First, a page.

How to Make a Great New Year Goal List
With the New Year upon us, it’s a good idea to start thinking about a list of goals. They don’t necessarily have to be career or academic focused; instead, a list should focus on what goals you want to achieve. Goals don’t have to be anything large, either – they can be steps towards a larger goal. By writing out such a list, it helps to re-enforce a goal in your mind and what you should do to achieve it by the end of the year.
Here are some suggestions for how to visualize your goals:
- Are you looking to advance your skill set? Try to think of strategies that will advance this – are there classes at a college that you can take over the weekend that you can use with personal interest or with a career? If you do enough research, this new skill can also help you in the job force – new requirements are being developed all the time.
- Are you looking to get a promotion? This can be difficult and requires some searching to ensure this is what you want to do; but if you have been at your job for a while, you can either decide if staying is worth it, or look for a comparable job that has a higher salary and more job responsibility.
- Want to make connections in the workplace? This is what networking is: making connections with people to learn of job opportunities that are not being advertised online. By doing so, you can learn how to interact with your co-workers as not just co-workers, but potential networking allies. Look for ideas – it can help you to participate more in the job environment.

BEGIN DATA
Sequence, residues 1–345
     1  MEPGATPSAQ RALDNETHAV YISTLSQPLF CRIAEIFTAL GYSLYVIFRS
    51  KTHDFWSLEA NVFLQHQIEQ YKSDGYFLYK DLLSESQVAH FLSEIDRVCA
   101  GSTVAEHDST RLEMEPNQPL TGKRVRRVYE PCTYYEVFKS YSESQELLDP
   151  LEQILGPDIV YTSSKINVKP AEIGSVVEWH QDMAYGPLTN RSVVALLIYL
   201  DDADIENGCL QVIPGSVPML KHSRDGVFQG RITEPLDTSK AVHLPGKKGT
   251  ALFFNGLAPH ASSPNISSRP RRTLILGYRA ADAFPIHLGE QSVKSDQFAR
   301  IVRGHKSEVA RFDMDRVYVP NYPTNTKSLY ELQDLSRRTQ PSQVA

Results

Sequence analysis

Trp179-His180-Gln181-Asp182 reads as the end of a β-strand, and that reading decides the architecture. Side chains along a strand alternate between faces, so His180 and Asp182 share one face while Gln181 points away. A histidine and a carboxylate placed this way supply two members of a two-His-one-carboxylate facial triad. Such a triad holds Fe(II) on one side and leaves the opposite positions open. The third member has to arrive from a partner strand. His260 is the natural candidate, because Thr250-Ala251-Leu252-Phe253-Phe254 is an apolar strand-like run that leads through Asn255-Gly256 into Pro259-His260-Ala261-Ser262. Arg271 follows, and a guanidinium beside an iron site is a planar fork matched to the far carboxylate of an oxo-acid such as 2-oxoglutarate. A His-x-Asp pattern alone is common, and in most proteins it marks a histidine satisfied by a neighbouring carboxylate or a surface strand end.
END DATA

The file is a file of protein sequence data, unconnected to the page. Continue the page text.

- Do you want better grades? How can you best achieve them? Do you feel a lack of focus when it comes to your courses? Do you think you can benefit from additional help through tutoring with a teacher, peer tutoring (your classmates), or a private tutor? Do you need to find a better learning strategy because you think you are not retaining as much information when writing the test?
- Are you interested in extracurricular activities? Groups and sports are always good to list on the application to college or university. In addition, it means that you can make friends that you never had a chance to do in class – by exposing yourself to a different environment and a different group of people, you can make more friends, learn something new, and even consider making it a career.
- Do you feel healthy? This is a personal question, and can help both your physical and mental well-being. There are strategies that you can use to help yourself. Perhaps it’s taking exercise classes to help you feel better in shape (but don’t overdo it), or taking breaks from long homework time to give yourself a break. School can be incredibly stressful, and taking breaks can help – you can also get new ideas when you think of something completely unrelated to academics.
- Never enough time? Have you considered a personal calendar? Phones have calendars that use blocks of 15, 30 or 60 minutes, and by scheduling items that you cannot avoid, would like to go, or even skip, you have the ability to say ‘no’ to someone if it’s something you can avoid or if you are unavailable in that time. Don’t stretch yourself too thin – schedule breaks as well, especially around examination season.
There are lots of questions you can ask yourself in order to best examine what problems you have, and what you can do about them. Set yourself a list of new goals list that you would like to achieve next!
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